The Update is a monthly publication of the Greater Dayton Apartment Association, for more information on advertising call (937) 293-1170. For the most up-to -date information check out our website: www.gdaa.org.
star associate members
2019 UPDATE ADVERTISING RATES: Ad rates are for full color ads. Link from your ad to your website is included. Ads must be submitted as a press quality pdf file or high resolution jpg.
Business Card............ $ 65
Half Page........................$145 Star Associate Member....... $116
Full Page.........................$185 Star Associate Member.........$148
Cincinnati Coin Laundry
Jetz Laundry Services
Maintenance Supply Headquarters
Sherwin Williams Flooring
The Lake Doctors
benefits of A STAR ASSOCIATE MEMBER:
A 20% discount on ALL advertising.
You will be included in the rotation of the Star Associate Member of the Month and have a featured article in the issue as the “Star Associate Member of the Month”.
Announced as a “Star Associate Member” in every issue of the UPDATE.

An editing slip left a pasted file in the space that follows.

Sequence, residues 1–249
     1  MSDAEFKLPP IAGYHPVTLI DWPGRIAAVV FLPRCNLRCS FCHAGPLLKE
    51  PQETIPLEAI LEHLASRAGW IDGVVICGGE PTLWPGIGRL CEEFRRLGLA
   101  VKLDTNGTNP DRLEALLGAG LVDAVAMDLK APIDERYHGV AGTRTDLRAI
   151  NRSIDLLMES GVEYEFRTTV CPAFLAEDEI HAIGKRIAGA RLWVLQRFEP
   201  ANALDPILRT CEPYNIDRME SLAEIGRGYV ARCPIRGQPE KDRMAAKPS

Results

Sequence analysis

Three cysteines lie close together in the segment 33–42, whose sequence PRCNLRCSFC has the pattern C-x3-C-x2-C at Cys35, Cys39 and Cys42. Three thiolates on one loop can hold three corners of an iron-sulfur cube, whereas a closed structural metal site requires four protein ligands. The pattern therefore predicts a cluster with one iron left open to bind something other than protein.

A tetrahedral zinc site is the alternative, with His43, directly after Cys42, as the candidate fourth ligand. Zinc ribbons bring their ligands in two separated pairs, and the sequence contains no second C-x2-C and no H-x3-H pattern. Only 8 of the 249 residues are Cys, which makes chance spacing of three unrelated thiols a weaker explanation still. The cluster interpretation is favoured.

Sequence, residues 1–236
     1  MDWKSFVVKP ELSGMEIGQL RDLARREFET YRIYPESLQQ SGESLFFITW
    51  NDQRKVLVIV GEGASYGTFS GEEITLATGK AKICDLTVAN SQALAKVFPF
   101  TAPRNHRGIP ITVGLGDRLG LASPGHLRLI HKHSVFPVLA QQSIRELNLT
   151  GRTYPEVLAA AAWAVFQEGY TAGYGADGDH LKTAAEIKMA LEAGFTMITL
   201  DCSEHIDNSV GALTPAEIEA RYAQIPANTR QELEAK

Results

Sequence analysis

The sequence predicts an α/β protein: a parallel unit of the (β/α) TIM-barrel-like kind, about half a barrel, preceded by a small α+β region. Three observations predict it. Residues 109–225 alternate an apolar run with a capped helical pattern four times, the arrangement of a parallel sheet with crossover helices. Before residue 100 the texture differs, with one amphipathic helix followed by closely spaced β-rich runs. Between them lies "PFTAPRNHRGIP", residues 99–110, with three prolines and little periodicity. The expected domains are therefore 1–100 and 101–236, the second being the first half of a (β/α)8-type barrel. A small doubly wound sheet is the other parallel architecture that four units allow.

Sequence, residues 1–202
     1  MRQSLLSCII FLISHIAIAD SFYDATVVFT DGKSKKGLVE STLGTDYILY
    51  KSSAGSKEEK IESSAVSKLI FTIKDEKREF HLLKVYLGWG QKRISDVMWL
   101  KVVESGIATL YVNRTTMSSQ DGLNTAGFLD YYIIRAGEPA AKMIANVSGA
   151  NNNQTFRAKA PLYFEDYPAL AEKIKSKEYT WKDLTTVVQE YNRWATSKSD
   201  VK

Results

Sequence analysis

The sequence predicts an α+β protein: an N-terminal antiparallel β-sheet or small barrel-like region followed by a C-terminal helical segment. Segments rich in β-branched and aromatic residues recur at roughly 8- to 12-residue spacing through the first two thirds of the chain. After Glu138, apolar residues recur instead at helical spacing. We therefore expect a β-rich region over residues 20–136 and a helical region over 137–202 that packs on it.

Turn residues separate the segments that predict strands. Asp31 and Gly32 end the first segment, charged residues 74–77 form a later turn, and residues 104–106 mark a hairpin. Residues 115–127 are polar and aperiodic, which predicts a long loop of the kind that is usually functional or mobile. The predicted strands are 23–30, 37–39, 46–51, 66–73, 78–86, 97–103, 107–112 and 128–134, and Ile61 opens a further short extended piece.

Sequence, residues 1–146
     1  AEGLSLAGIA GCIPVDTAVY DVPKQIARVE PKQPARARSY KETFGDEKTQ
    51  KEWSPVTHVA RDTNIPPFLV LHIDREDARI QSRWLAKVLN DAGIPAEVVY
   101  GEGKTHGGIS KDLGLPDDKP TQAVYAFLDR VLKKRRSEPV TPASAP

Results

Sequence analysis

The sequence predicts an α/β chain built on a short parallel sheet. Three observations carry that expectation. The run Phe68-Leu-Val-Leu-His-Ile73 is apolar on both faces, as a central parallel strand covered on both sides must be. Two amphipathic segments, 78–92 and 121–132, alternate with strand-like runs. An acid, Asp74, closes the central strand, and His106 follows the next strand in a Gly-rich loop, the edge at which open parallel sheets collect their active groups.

Open Listing in the on-line Member Directory.
You will also be listed on the home page of the GDAA website.
To be a Star Associate Member you need to place at least a ½ page ad in 6 consecutive issues of the UPDATE Newsletter and a ½ page ad in GDAA Membership Directory.
when they say, "Me too": A Landlord's Guide
the woman was too afraid to call the police when her ex-boyfriend returned to her home and stabbed her. "
Fair Housing update
In 2016 HUD issued “Guidance on Application of Fair Housing Act Standards to the Enforcement of Local Nuisance and Crime-Free Housing Ordinances Against Victims of Domestic Violence, Other Crime Victims, and Others Who Require Police or Emergency Services.”
It is intended to inform state and local governments, as well as private and public housing providers, as to how HUD will assess nuisance or crime-free housing ordinances, policies, or practices alleged to be discriminatory under the Fair Housing Act.